In Vaughn v. City of Carbondale, the Fifth District Appellate Court ruled in favor of the plaintiff Jeffrey Vaughn, finding he was entitled to health insurance benefits under Section 10 of the Public Safety Employee Benefits Act (“PSEBA”). On June 28, 2005, Vaughn, a City police officer, was on duty when he was stopped by a motorist asking for directions. While Vaughn was outside his squad car assisting the motorist, he received a request from a police dispatcher for him to respond over the radio. He then returned to his vehicle and reached headfirst through his driver’s side door, which he had left open, in an attempt to retrieve his radio from inside the car. As he reached inside the vehicle, he struck the top of his head on the door frame, causing him to “see stars” and experience immediate sharp pain in his arm. After his shift, Vaughn sought medical attention from his personal physician, who took him off duty as a result of his injury.
The issue before the court was whether Vaughn has presented sufficient evidence that he was entitled to health insurance benefits under PSEBA. 820 ILCS 320/10. Section 10 of the Act provides, in relevant part, that injured full-time law enforcement officers and their families are eligible to receive health insurance benefits if two conditions are satisfied. First, the officer must have suffered a catastrophic injury in the line of duty. Second, the injury must have occurred as the result of the officer’s response to fresh pursuit or the officer’s response to what is reasonably believed to be an emergency, an unlawful act perpetrated by another, or during the investigation of a criminal act. 820 ILCS 320/10(b). The officer must satisfy both of these statutory requirements to be entitled to benefits.
The Act does not define the term “catastrophic injury.” However, the Illinois Supreme Court has concluded that the phrase “catastrophic injury” as used in the Act is synonymous with an injury resulting in the awarding of a line-of-duty disability pension under Section 4-110 of the Illinois Pension Code. Here, Vaughn received a disability pension for his work-related injury. This legal issue was not disputed by the parties.
At issue was whether Vaughn’s injury occurred as the result of one of the circumstances set forth in Section 10(b) of the Act. The court found that the facts established that Vaughn’s injury occurred as the result of his response to what he reasonably believed was an emergency relying on the Illinois Supreme Court’s 2012 decision in Gaffney v. Board of Trustees of the Orland Fire Protection District. The court rejected the City’s argument that there was no evidence that the reason for the call was an emergency situation which involved imminent danger to a person or property that required an urgent response. The City further argued that the plaintiff’s interpretation of the term “emergency” as used in Section 10(b) of the Act reads the “emergency” requirement out of the Act as any officer injured while answering a dispatch call would be entitled to health insurance coverage regardless of whether the call involved unforeseen circumstance that involved imminent danger to a person or property requiring an urgent response.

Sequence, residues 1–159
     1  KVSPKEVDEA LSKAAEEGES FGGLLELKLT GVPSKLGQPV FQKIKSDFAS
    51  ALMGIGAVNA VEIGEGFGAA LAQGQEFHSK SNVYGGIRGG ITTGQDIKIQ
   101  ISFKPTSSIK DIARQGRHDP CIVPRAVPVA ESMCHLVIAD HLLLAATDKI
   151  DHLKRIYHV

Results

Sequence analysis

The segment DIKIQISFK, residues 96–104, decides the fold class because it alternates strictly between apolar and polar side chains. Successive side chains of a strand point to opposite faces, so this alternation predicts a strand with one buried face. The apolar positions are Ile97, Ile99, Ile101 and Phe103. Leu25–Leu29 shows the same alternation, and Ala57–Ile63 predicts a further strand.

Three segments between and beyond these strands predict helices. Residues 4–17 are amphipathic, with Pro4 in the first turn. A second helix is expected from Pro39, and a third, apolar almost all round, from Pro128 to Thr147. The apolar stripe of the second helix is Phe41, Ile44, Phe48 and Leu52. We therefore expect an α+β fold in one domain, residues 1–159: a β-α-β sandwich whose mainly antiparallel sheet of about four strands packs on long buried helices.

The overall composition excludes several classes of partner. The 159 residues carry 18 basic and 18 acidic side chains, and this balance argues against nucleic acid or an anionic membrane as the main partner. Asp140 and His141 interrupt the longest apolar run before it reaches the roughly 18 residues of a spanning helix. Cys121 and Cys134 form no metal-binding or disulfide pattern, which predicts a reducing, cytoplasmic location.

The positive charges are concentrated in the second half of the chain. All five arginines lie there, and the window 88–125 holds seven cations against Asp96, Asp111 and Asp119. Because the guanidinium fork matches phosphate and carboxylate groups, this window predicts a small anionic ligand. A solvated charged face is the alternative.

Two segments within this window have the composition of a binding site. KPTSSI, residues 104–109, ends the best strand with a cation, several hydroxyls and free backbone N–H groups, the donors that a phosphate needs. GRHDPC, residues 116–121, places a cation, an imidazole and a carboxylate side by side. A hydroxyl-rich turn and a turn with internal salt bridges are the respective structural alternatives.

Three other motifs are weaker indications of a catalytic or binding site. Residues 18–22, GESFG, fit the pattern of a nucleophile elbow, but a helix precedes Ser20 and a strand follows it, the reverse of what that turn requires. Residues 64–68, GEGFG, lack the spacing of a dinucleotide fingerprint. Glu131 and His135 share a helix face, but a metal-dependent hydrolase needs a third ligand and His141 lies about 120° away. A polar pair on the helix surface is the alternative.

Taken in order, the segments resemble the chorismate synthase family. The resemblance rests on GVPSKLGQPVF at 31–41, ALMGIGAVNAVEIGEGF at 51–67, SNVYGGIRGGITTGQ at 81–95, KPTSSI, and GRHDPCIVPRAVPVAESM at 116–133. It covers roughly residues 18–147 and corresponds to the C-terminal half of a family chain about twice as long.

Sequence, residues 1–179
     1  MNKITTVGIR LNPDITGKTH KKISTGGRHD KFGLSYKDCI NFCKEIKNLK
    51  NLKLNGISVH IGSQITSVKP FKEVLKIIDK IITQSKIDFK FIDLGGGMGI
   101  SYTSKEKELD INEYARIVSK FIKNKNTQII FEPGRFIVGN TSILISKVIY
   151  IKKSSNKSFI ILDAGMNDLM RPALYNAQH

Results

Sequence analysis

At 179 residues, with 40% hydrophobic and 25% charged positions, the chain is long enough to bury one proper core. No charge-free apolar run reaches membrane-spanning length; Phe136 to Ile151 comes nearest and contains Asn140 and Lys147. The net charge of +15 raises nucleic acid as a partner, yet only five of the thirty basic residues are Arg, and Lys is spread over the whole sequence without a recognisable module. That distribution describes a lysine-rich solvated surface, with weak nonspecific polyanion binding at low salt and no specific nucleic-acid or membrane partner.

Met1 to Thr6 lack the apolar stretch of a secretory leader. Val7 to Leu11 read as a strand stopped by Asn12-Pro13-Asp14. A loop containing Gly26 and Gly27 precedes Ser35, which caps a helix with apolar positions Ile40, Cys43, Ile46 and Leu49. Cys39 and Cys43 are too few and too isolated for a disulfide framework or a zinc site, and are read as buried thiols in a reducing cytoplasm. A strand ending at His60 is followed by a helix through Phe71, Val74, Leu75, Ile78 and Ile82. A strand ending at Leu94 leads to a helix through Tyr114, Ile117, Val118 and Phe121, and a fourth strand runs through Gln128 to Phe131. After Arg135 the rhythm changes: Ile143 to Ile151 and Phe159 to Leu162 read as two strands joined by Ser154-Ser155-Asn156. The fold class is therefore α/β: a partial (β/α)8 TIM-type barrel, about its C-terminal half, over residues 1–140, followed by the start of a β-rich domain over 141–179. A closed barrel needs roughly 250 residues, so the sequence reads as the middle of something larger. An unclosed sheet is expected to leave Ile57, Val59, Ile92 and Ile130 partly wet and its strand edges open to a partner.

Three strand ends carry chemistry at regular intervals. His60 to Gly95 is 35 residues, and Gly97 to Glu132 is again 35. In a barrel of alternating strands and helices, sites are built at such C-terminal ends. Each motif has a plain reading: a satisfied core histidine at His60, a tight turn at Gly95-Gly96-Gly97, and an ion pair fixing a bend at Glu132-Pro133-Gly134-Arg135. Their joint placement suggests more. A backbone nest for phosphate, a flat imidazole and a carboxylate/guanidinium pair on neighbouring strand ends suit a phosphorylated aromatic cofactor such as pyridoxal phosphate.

Even though there was no evidence presented that this dispatch call resulted in an emergency situation, the Fifth District Appellate Court found it is an officer’s duty to respond to dispatch calls in a timely manner and be prepared for any eventuality. The court found that an officer cannot know the nature of the call until he responds. Accordingly, until the officer is able to eliminate the possibility that the dispatch call is an emergency, the officer treats the call as if it were such. Because the evidence established that Vaughn was engaged in the act of responding to what he believed was a “potential emergency” that could have, based on the fact that a radio call from dispatch was a means of communication concerning an emergency situation, involved imminent danger to a person or property and therefore required an urgent response. The court concluded that the facts before it established that the plaintiff’s injury was incurred as a result of his response to what he reasonably believed was an emergency. As a result, the plaintiff was entitled to PSEBA health benefits.
This decision follows the line of recent Illinois PSEBA cases finding in favor of injured employees and awarding them health insurance benefits under the Act. The case is troubling for employers in that it further weakens the emergency requirement in the Act to include “potential emergency calls” which will now make these cases even more difficult to defend. The time to file a petition for leave to appeal to the Illinois Supreme Court has not yet expired so there may be more to come of this decision.